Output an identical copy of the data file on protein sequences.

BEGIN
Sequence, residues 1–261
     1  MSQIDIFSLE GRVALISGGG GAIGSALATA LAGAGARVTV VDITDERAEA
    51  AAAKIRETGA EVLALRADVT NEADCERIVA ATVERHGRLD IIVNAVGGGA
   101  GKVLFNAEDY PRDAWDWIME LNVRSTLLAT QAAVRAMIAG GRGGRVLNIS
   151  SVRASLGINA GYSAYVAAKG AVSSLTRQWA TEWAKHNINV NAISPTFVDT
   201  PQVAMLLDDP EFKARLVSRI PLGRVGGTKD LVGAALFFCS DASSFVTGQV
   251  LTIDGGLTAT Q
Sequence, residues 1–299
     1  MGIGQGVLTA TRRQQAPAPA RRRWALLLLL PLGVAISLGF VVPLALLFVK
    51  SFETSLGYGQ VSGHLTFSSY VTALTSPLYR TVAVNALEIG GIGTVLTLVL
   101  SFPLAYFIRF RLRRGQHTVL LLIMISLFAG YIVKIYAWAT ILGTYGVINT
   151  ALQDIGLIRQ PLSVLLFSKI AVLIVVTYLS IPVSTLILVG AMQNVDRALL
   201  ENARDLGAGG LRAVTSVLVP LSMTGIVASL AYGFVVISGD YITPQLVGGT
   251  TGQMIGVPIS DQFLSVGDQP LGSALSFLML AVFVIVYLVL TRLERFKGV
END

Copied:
Sequence, residues 1–261
     1  MSQIDIFSLE GRVALISGGG GAIGSALATA LAGAGARVTV VDITDERAEA
    51  AAAKIRETGA EVLALRADVT NEADCERIVA ATVERHGRLD IIVNAVGGGA
   101  GKVLFNAEDY PRDAWDWIME LNVRSTLLAT QAAVRAMIAG GRGGRVLNIS
   151  SVRASLGINA GYSAYVAAKG AVSSLTRQWA TEWAKHNINV NAISPTFVDT
   201  PQVAMLLDDP EFKARLVSRI PLGRVGGTKD LVGAALFFCS DASSFVTGQV
   251  LTIDGGLTAT Q
Sequence, residues 1–299
     1  MGIGQGVLTA TRRQQAPAPA RRRWALLLLL PLGVAISLGF VVPLALLFVK
    51  SFETSLGYGQ VSGHLTFSSY VTALTSPLYR TVAVNALEIG GIGTVLTLVL
   101  SFPLAYFIRF RLRRGQHTVL LLIMISLFAG YIVKIYAWAT ILGTYGVINT
   151  ALQDIGLIRQ PLSVLLFSKI AVLIVVTYLS IPVSTLILVG AMQNVDRALL
   201  ENARDLGAGG LRAVTSVLVP LSMTGIVASL AYGFVVISGD YITPQLVGGT
   251  TGQMIGVPIS DQFLSVGDQP LGSALSFLML AVFVIVYLVL TRLERFKGV